Friday, November 11, 2011

And the question goes to...

by Meredith Cole

Panels. Conferences. Book signings. Reading your work out loud. It's enough to make writers, who spend most of their time with only a computer to talk to, lose sleep at night.

I still remember my first Bouchercon, seeing a panel comprised of Laurie King, SJ Rozan, Val McDermid and Laura Lippman. They sounded so poised, confidant and articulate. They were charming and funny. They had the audience eating out of their hand. And on my first panel... I no doubt sounded like an idiot.

No one gave me any really hard questions, so I can't blame my moderator or the audience. But I was really nervous and insecure about talking about my book. I made notes. I wrote down a summary of my book (just in case I forgot what I'd spent several years writing) and my bio (in case I forgot who I was). I tried hard to keep breathing so my heart didn't explode. And when it was over, I went somewhere and collapsed.

So what happened? Did I slink away and never do another panel again? Uh, no. When my book came out, I went on tour. I did another bazillion panels. I got better. I answered most of the questions I heard at least once before so I had practice. I listened and learned from other more experienced panelists. I moderated a few panels. I didn't sound so idiotic. I made audiences laugh and want to read what I had written. I started to have fun.

But there's always a few questions that stop the panel in its tracks, and most writers hate getting them. So if you want to pour cold water on a writer's happy parade, jump up and ask the following questions:

  • How much did you get paid for your last book?

I don't know about you, but I work for food. And books. If you want to get rich, become a banker. 

  • Who is your agent and can you recommend me to them?

Not unless I know you and your writing. Sorry. My agent is pretty busy trying to get me more money (for food, etc.) on my next book.

  • Why is publishing so unfair (because they have not recognized my genius)?

I don't know. I'm not an editor, or a publisher. I just write books.
  • How come so much crap gets published every year?

See above.

  • And last, but not least--the question that isn't a question at all but a pitch for your unsold manuscript to the room. I've written a book about blah, blah, blah, and I'm so and so, and on and on and on...

The writers on the panel usually freeze and sit there with a slowly drooping smile on their face wondering when you are going to stop talking and ask a question. Of them. About their book. Because you perhaps were not listening earlier when I said I'm not a publisher, editor, etc.? And the audience gets restless because they came to hear the panel talk.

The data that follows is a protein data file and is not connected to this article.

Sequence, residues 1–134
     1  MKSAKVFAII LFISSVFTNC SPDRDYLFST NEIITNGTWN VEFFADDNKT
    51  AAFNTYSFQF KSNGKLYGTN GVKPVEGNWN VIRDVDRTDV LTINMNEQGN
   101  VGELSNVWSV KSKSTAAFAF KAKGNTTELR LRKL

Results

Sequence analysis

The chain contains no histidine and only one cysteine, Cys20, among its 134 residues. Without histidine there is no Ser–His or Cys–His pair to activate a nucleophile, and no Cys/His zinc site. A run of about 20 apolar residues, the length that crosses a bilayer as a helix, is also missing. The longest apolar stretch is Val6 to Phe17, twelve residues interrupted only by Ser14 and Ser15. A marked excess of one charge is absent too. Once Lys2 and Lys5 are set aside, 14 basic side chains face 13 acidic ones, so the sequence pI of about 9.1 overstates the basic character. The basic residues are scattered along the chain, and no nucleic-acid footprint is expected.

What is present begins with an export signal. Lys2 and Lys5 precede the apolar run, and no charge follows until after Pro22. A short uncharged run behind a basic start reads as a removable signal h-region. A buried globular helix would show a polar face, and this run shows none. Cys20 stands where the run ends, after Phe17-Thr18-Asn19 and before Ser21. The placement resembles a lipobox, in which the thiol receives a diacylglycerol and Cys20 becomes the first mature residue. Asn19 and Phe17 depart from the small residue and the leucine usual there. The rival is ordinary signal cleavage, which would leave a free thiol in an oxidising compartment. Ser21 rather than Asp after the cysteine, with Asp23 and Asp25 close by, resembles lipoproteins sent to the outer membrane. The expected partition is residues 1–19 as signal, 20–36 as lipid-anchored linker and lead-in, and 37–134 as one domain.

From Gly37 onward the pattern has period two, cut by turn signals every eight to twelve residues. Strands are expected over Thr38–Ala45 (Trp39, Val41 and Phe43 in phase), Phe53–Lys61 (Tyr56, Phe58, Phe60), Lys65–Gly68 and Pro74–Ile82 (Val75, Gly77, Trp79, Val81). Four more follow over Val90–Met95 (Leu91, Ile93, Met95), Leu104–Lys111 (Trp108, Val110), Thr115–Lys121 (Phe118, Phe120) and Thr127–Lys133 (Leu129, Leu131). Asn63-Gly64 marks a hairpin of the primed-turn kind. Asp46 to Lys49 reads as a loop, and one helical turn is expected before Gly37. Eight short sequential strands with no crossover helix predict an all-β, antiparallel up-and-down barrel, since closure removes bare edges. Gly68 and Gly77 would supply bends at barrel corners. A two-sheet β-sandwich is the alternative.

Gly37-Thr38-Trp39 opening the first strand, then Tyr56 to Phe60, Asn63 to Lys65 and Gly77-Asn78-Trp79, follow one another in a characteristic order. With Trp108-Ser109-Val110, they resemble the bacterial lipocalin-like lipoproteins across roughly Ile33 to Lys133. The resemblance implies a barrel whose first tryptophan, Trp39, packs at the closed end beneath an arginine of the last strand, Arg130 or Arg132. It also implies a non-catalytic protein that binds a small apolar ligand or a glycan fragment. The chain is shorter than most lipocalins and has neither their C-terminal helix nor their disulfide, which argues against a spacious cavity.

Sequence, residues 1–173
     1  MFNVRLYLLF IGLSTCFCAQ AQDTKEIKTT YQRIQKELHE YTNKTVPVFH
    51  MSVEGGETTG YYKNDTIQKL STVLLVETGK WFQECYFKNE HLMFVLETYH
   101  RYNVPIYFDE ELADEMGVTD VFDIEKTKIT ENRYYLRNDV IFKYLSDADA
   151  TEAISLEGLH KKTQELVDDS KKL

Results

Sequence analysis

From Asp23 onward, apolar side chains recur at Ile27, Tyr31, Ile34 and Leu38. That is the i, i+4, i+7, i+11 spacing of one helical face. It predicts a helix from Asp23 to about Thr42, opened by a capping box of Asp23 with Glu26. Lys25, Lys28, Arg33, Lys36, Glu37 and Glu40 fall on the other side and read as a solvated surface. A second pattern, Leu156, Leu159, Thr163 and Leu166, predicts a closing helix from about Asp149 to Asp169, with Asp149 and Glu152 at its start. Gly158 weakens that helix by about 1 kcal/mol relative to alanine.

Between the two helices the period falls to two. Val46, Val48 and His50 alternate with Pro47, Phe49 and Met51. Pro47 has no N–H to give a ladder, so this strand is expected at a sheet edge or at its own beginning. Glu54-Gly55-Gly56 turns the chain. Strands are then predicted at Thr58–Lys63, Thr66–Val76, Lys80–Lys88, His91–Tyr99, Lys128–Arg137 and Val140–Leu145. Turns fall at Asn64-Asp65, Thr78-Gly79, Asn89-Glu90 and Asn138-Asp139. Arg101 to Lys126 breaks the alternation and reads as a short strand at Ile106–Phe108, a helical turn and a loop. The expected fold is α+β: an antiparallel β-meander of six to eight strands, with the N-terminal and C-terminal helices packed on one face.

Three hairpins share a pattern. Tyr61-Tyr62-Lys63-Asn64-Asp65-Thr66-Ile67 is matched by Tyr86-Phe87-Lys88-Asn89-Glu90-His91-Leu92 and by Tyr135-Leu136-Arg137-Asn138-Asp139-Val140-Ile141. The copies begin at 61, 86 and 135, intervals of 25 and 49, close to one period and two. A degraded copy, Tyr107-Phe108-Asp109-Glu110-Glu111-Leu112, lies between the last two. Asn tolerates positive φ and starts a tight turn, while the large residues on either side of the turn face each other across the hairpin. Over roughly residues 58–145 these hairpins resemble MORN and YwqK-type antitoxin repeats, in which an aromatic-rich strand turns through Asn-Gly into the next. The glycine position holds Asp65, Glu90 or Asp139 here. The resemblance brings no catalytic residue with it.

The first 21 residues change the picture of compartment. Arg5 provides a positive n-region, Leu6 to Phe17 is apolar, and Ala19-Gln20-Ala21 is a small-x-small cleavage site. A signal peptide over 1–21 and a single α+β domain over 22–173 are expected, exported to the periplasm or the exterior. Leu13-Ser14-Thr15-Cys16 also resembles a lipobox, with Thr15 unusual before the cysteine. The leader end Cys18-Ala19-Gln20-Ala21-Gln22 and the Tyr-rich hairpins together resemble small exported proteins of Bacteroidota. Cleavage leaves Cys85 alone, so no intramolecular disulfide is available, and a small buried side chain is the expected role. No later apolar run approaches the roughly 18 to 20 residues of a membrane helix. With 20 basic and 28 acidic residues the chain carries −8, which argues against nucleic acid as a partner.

But usually the audience has wonderful questions, and even sends out a few curve balls to keep the authors awake and on their toes. And everyone leaves the panel pumped up and excited and ready to go back to their computer and write.


Sue Ann Jaffarian said...

Geez, Meredith, you trotted out all the old and dreaded chestnuts. My favorite (not) is the last - the question that's not really a question. Having been a moderator quite often, I've had to learn how to nicely shut that individual down.

Rebecca Cantrell said...

Meredith: Those are the worst ones, aren't they? Because, really, there is no good funny answer.

Sue Ann: How do you shut down #5? I've seen it a lot, and would like to know a gracious way to stop it.

Meredith Cole said...

I'd love to hear Sue Ann's secret, too. Shutting it down always feels so rude, but letting it go on feels like you're doing a disservice to the authors and audience.

Reece said...

As an attorney, it took a while for me to get used to public speaking on a panel without the dreaded PowerPoint.

And I want to have Sue Ann moderate my next panel -- she sounds like a good enforcer.

Gabi said...

You haven't lived until someone asks you if you research the sex. I'll take a tip from you and write down some answers next time although I doubt you -- of the bazillion panels and great reads -- ever suffer from brain freeze.

Sue Ann Jaffarian said...

It took me a while to learn how to deftly shut down the droners without feeling guilty. If I see it happening, I interrupt (and apologize for doing so), explain we have limited time, and if he/she does not have a question that pertains directly to the panel, then to please let someone else ask a question. Usually the person is so astounded and annoyed at being interrupted, they stop. If they don't, I explain they've used up their time and choose another person to ask a question. I do a lot of workshops, and there's always someone like this in the audience. I simply explain that their question is off topic and move on.

But I'd still like to know how to graciously stop a panel-hog in their tracks.

Rebecca Cantrell said...

I want you to be my moderator, Sue Ann!

Meredith Cole said...

I vote that Sue Ann will be our moderator at our first official Criminal Minds panel. All in favor say aye!